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Hawley launches investigation into how St. Louis Archdiocese handled sex abuse allegations

Archbishop Robert Carlson speaks during a press conference on August 23, 2018. Carlson invited Attorney General Josh Hawley to review allegations of clergy sex abuse.
Ryan Delaney I St. Louis Public Radio
Archbishop Robert Carlson speaks during a press conference on August 23, 2018. Carlson invited Attorney General Josh Hawley to review allegations of clergy sex abuse.

Missouri Attorney General Josh Hawley has accepted the Archdiocese of St. Louis’ invitation to review allegations of clergy sex abuse.

It comes after a grand jury in Pennsylvania issued a report detailing widespread child sexual abuse within the Catholic Church in that state. Sex abuse victim advocates have been calling for Hawley to launch a similar investigation.

On Thursday, Archbishop Robert Carlson wrote a letter to Hawley inviting him “to review our files for the purpose of making an independent determination of our handling of allegations of clergy sexual abuse in the Archdiocese of St. Louis.”

Carlson added that the Archdiocese “always cooperated with law enforcement in any investigation into these matters and we will continue to do so.”

Hawley told reporters on Thursday that he is accepting Carlson’s offer. He emphasized that his office doesn’t have the power to issue charges in this matter, but added he could recommend local prosecutors take action.

“What their cooperation will permit is for us to conduct a thorough, fair, impartial and indeed vigorous investigation — that’s exactly what we intend to do,” Hawley said.

Hawley also said that the statute of limitations may prevent prosecutors from filing charges, which is one of the reasons he’s starting the investigation as swiftly as possible.

“Facts are powerful things,” Hawley said. “And what the public wants, above else, is they want an accounting. They want an accounting of the facts. They want to know what’s happened, what’s going on and what’s being done to address it.”

When asked if his office has received a similar request from other dioceses from across the state, Hawley replied: “We have not.” He said that his office can’t subpoena specific dioceses, but added that his staff can investigate if they’re asked.

“We’ll be reaching out to them,” Hawley said. “I would strongly encourage them to do as the archbishop has done — and to open to us their files and their information. Make folks available to us so we can conduct an investigation that will cover the state and issue findings that will be comprehensive statewide.”

Attorney General Eric Schmitt says he is referring 12 cases regarding Catholic clergy sexual misconduct allegations to local prosecutors.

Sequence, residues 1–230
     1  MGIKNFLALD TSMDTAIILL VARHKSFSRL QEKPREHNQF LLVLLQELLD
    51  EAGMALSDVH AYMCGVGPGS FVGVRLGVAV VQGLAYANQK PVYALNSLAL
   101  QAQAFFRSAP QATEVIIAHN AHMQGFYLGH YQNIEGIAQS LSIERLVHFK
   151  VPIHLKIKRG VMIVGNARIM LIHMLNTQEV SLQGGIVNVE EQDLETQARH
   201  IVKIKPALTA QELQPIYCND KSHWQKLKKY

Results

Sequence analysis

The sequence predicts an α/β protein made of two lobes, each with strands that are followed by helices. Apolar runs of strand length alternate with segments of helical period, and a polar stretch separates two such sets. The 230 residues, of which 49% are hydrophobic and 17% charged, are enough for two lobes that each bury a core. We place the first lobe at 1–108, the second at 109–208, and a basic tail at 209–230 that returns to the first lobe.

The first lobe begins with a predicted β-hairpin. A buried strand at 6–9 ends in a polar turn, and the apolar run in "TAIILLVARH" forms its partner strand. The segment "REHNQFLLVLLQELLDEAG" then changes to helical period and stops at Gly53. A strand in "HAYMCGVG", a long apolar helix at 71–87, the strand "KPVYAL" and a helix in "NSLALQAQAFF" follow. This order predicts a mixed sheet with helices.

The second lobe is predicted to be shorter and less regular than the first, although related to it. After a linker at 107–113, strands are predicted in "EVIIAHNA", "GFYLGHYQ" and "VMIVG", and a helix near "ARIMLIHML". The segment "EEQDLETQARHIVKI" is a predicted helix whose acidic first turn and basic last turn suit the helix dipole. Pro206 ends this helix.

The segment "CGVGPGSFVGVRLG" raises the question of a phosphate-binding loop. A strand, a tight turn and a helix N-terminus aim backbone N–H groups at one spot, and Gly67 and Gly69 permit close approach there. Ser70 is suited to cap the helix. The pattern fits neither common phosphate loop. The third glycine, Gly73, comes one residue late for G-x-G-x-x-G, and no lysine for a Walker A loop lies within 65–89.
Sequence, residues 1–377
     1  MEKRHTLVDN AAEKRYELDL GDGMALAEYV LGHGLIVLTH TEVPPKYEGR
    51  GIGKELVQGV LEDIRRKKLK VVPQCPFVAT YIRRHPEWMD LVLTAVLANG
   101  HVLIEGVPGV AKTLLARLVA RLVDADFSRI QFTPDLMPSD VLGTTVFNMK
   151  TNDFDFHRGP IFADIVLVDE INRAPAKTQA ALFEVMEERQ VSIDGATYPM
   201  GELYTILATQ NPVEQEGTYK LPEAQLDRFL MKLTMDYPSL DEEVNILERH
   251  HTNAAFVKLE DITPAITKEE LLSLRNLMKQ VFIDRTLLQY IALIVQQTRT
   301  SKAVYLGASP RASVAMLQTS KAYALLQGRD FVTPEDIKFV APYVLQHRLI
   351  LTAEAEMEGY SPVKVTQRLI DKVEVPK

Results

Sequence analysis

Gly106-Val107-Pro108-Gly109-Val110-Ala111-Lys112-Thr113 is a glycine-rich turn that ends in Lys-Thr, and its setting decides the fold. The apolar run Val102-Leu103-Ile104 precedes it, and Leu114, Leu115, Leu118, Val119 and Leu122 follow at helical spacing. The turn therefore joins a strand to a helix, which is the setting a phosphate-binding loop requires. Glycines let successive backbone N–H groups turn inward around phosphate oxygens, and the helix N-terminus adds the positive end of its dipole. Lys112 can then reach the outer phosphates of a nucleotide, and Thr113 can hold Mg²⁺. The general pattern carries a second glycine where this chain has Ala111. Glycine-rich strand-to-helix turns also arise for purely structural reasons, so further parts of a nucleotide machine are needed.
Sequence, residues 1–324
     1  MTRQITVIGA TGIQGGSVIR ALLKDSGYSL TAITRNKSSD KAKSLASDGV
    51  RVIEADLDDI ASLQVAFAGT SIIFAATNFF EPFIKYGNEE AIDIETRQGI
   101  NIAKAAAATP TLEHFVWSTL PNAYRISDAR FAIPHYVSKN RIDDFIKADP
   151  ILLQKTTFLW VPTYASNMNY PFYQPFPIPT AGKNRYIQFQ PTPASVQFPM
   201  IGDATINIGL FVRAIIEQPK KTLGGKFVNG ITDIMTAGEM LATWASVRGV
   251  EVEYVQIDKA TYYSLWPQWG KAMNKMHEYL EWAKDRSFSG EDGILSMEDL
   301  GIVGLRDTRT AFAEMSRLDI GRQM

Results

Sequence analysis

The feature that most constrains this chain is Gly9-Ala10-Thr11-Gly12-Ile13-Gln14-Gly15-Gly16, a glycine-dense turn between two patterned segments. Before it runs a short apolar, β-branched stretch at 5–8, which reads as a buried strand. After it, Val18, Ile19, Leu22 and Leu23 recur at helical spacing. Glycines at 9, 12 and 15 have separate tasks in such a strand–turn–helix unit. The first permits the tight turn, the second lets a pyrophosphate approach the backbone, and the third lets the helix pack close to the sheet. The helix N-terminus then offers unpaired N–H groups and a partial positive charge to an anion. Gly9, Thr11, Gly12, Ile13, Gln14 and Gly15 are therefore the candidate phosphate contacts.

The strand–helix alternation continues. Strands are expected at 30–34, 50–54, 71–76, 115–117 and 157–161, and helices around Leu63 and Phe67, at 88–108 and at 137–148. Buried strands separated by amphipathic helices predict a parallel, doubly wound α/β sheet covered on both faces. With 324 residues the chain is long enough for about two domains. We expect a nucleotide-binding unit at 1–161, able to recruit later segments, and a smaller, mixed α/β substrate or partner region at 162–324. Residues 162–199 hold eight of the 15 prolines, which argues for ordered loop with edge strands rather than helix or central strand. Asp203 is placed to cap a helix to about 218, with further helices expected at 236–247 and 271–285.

Credit Ryan Delaney I St. Louis Public Radio
Carlson's invitation for Attorney General Josh Hawley to examine the Archdiocese of St. Louis' files comes after a Pennsylvania grand jury report detailed widespread sex abuse over a 70 year period.

A spokesperson for the Kansas City-St. Joseph Diocese says it has not been contacted by Hawley’s office, but the Diocese will cooperate with any review the attorney general requests.

Carlson told reporters on Thursday afternoon that the diocese "has nothing to hide," which is one of the reasons why it invited Hawley's office to review its files.

“The files that we’re talking about are actually files of anyone that’s been accused of sexual abuse," Carlson said. "And while we don’t know the protocols yet that the attorney general’s office will use, any files that they want to see will be available to them.”

Still, some survivors aren't totally optimistic about where the investigation might lead.

David Clohessy is the former executive director of Survivors Network of those Abused by Priests. He says that attorney general’s review doesn’t include subpoena power, which means the office can’t compel the archdiocese to turn over anything it doesn’t want to. 

“I think in the end, it will be a public relations coup for Hawley and for the church. And that’s tragic," Clohessy said. "That outcome will breed complacency. And complacency is precisely what we don’t need. Complacency endangers kids — doesn’t protect them.”

The Pennsylvaniagrand jury’s report found, among other things, that leaders of the state’s Catholic churches persuaded victims not to report abuse and law enforcement not to investigate allegations. It covered six of the state’s eight dioceses.

Hawley said that his office will issue a public report once its investigation is complete.

Follow Jason on Twitter: @jrosenbaum

Jason is the politics correspondent for St. Louis Public Radio.
Ryan was an education reporter at St. Louis Public Radio.